A plaque remaining from the Big Apple Night Club at West 135th Street and Seventh Avenue in Harlem.

Above, a 1934 plaque from the Big Apple Night Club at West 135th Street and Seventh Avenue in Harlem. Discarded as trash in 2006. Now a Popeyes fast food restaurant on Google Maps.

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Entry from March 27, 2015
America’s Mayor

“America’s mayor” is a term that has been applied to an exemplary mayor of an American city. Philadelphia Mayor Ed Rendell (from 1992-2000) was called “America’s mayor” in 1994 by Vice President Al Gore.
New York City Mayor Rudy Giuliani was frequently called “America’s mayor” following the September 11, 2001 attacks on the World Trade Center. “Somewhere someone called Giuliani, ‘America’s Mayor’” was cited in Google Groups: alt.gossip.celebrities on September 19, 2001. American talk show host Oprah Winfrey was the Master of Ceremonies for a special event at Yankee Stadium on September 23, 2001, when she said, “I know you want to hear from Rudy Giuliani, a man whose extraordinary grace under pressure in the days since this devastating attack has led him to be called America’s Mayor.”
Sam Roberts titled his book America’s Mayor: John V. Lindsay and the Reinvention of New York (2010), after John Lindsay (1921-2000), who was mayor of New York City from 1965 to 1973.
Wikipedia: Rudy Giuliani
Rudolph William Louis “Rudy” Giuliani (/ˈruːdi ˌdʒuːliˈɑːni/; born May 28, 1944) is an American lawyer, businessman, former politician, and public speaker from New York. Politically a Democrat and then an Independent in the 1970s, but a Republican since the 1980s, Giuliani was the federal attorney for New York state’s southern region in the 1980s who prosecuted pivotal cases against the Italian Mafia and against corrupt corporate financiers. Giuliani reputedly tamed organized crime—most famously leading the case that sent boss John Gotti, the “Teflon Don,” to prison for life based on testimony brokered in a deal with Sammy the Bull. That accomplishment, which won Giuliani a reputation for being tough on crime, helped to launch him into politics.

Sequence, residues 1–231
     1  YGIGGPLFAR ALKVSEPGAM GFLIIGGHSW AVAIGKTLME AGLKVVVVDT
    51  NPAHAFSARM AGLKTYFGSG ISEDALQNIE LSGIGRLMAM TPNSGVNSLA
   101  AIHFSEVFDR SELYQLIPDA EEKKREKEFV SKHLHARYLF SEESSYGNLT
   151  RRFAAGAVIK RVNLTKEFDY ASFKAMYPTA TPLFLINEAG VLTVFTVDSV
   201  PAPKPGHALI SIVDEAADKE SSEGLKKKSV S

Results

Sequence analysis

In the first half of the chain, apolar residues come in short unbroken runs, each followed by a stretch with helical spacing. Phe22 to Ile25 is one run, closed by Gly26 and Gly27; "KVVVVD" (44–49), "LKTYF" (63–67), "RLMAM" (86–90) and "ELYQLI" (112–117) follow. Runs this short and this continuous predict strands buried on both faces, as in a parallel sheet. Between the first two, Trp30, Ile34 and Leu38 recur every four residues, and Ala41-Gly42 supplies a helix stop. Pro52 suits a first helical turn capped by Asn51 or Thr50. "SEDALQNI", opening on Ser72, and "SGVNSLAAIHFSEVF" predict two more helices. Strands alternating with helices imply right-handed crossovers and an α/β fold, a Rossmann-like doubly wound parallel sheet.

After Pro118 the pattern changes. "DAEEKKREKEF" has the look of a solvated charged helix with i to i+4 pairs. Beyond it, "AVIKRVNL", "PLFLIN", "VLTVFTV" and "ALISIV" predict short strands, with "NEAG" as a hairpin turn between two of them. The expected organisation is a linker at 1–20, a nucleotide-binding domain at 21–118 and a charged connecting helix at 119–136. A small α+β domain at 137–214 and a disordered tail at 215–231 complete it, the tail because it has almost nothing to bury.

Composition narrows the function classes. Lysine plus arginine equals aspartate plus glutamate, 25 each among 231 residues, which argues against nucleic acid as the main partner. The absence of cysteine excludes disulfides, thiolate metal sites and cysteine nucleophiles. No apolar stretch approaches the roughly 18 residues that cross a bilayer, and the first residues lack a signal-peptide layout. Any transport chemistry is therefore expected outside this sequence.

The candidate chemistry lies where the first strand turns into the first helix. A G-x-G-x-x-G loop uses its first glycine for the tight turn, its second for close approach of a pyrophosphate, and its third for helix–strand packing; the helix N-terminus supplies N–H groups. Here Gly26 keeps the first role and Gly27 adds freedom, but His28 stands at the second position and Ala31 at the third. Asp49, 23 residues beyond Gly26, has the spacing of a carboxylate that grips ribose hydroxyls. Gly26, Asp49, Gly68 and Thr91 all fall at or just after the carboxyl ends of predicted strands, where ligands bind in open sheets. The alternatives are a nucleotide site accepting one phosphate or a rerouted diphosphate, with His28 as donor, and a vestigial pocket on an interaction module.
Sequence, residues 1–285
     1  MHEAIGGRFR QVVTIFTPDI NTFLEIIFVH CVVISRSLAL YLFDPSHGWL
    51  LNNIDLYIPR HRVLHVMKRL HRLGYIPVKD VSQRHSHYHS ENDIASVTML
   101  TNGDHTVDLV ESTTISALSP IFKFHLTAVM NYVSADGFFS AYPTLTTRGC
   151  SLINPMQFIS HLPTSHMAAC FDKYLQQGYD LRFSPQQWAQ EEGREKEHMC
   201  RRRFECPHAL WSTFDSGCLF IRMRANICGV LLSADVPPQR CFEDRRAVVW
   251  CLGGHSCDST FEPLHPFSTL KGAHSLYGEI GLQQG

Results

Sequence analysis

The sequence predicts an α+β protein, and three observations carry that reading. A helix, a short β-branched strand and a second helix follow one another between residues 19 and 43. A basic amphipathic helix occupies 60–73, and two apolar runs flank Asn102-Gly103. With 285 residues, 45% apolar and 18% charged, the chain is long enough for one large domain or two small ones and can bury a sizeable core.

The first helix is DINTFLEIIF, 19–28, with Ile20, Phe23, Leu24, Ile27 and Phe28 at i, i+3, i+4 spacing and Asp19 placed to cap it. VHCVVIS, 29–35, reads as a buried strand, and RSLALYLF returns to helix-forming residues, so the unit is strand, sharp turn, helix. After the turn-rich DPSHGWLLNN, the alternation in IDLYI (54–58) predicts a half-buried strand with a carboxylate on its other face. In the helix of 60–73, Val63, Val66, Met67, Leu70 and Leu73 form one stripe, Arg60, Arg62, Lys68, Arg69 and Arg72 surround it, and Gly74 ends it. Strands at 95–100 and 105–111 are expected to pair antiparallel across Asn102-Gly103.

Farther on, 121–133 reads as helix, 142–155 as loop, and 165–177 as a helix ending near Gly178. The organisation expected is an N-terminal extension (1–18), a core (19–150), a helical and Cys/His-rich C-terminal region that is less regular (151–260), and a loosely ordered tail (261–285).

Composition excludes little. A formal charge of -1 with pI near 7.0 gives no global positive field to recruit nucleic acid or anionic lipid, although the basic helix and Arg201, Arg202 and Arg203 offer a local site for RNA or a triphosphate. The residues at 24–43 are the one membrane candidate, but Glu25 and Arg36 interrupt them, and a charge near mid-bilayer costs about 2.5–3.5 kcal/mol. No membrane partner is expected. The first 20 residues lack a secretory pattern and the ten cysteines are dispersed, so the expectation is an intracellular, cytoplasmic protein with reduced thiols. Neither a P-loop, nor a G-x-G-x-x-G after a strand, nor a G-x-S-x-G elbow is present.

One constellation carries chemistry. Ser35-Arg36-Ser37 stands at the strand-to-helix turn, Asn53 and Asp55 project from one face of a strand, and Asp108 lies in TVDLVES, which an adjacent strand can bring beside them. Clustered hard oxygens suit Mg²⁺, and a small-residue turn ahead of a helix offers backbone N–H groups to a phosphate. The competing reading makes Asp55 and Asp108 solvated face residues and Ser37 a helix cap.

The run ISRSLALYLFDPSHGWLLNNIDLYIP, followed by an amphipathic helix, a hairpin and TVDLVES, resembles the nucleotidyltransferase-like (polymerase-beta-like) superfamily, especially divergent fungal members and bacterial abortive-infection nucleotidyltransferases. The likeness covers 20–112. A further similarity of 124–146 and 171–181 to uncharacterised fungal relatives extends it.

During his first term as Mayor of New York City, Giuliani hired a new police commissioner, William Bratton, who applied the broken windows theory of urban decay, which holds that minor disorders and violations create a permissive atmosphere that leads to further and more serious crimes that can threaten the safety of a city. Within several years, Giuliani was widely credited for major improvements in the city’s quality of life and rates of violent crimes,[2] although later researchers have found the timing largely coincidental. While still mayor, he ran for US Senate in 2000, but withdrew upon diagnosis of prostate cancer.[5] Still, he gained international fame as New York City’s leader in the immediate aftermath of the 9/11 attacks in 2001. Giuliani was named Time magazine’s Person of the Year for 2001, and was honorarily knighted in 2002 by the United Kingdom’s Queen Elizabeth II.
Public reaction